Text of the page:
NASA’s Orion spacecraft has returned to Earth. The uncrewed capsule crash-landed safely into the Pacific Ocean off Mexico’s Baja California coast around 12:40 a.m. ET on Sunday, marking the end of the historic Artemis I mission.
The capsule reached speeds of about 24,500 mph when it returned to Earth, while its heat shield maintained scorching temperatures of about 5,000 degrees Fahrenheit. Orion traveled a total of 2.4 million miles through space in 25.5 days.
When it re-entered Earth’s atmosphere, the Orion capsule performed successfully skip an entry maneuver, where Orion dived into Earth’s upper atmosphere and got out before re-entering. The move should help land the spacecraft at its designated landing site and is a first for a spacecraft designed to carry humans.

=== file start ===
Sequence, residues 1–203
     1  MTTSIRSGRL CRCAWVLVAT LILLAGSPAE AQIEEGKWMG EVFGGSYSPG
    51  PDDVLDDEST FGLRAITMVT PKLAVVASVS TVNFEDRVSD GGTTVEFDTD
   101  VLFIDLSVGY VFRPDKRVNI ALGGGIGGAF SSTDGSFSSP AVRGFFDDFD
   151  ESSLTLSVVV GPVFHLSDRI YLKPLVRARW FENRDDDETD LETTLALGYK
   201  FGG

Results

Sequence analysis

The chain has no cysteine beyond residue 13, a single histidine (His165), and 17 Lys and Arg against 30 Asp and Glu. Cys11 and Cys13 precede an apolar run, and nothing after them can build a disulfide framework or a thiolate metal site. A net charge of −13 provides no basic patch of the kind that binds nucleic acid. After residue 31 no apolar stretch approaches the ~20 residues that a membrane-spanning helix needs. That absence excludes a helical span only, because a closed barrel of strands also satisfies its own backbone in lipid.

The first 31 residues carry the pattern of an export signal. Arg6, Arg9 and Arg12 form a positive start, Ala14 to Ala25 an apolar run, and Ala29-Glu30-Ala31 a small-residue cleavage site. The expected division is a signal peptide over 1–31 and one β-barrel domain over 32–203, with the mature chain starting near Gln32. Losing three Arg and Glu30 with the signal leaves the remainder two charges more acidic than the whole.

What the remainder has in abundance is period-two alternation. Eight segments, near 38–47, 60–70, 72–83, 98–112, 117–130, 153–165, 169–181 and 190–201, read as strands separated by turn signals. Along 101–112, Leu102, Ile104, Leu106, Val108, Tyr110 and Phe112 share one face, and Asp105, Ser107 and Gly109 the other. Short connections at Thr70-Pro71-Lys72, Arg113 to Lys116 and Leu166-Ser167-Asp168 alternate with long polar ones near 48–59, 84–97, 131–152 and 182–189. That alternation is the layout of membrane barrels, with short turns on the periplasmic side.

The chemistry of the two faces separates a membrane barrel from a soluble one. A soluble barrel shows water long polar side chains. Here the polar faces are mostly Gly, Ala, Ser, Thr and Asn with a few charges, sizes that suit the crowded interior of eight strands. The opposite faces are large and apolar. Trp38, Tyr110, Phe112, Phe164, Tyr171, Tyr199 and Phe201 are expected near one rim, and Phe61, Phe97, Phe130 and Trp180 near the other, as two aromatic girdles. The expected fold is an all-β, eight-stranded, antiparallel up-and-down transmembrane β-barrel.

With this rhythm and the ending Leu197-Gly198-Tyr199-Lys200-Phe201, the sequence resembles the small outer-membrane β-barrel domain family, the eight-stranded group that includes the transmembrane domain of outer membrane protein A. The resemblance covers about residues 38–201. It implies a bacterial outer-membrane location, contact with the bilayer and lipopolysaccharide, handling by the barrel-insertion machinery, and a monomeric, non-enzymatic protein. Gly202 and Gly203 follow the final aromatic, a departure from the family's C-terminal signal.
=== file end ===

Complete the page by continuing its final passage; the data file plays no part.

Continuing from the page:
Once it was about 24,000 feet above the ground, the capsule began deploying its parachutes to help slow it down as it descended into the Pacific Ocean. The US Navy began recovering the spacecraft shortly after landing, but it will take several hours.
Now that Orion is back on the ground, NASA will begin capturing data from the sensor-equipped mannequins on board so it can prepare for future missions involving humans. NASA hopes to get humans back on the moon on a second Artemis mission scheduled for 2024.
“From the launch of the world’s most powerful rocket to the exceptional journey around the Moon and back to Earth, this flight test is a major step forward in the Artemis generation of lunar exploration,” NASA Administrator Bill Nelson said in a statement. “Today is a huge victory for NASA, the United States, our international partners and all of humanity.”
Update, 2:18 PM ET: Updated to add a statement from Bill Nelson.
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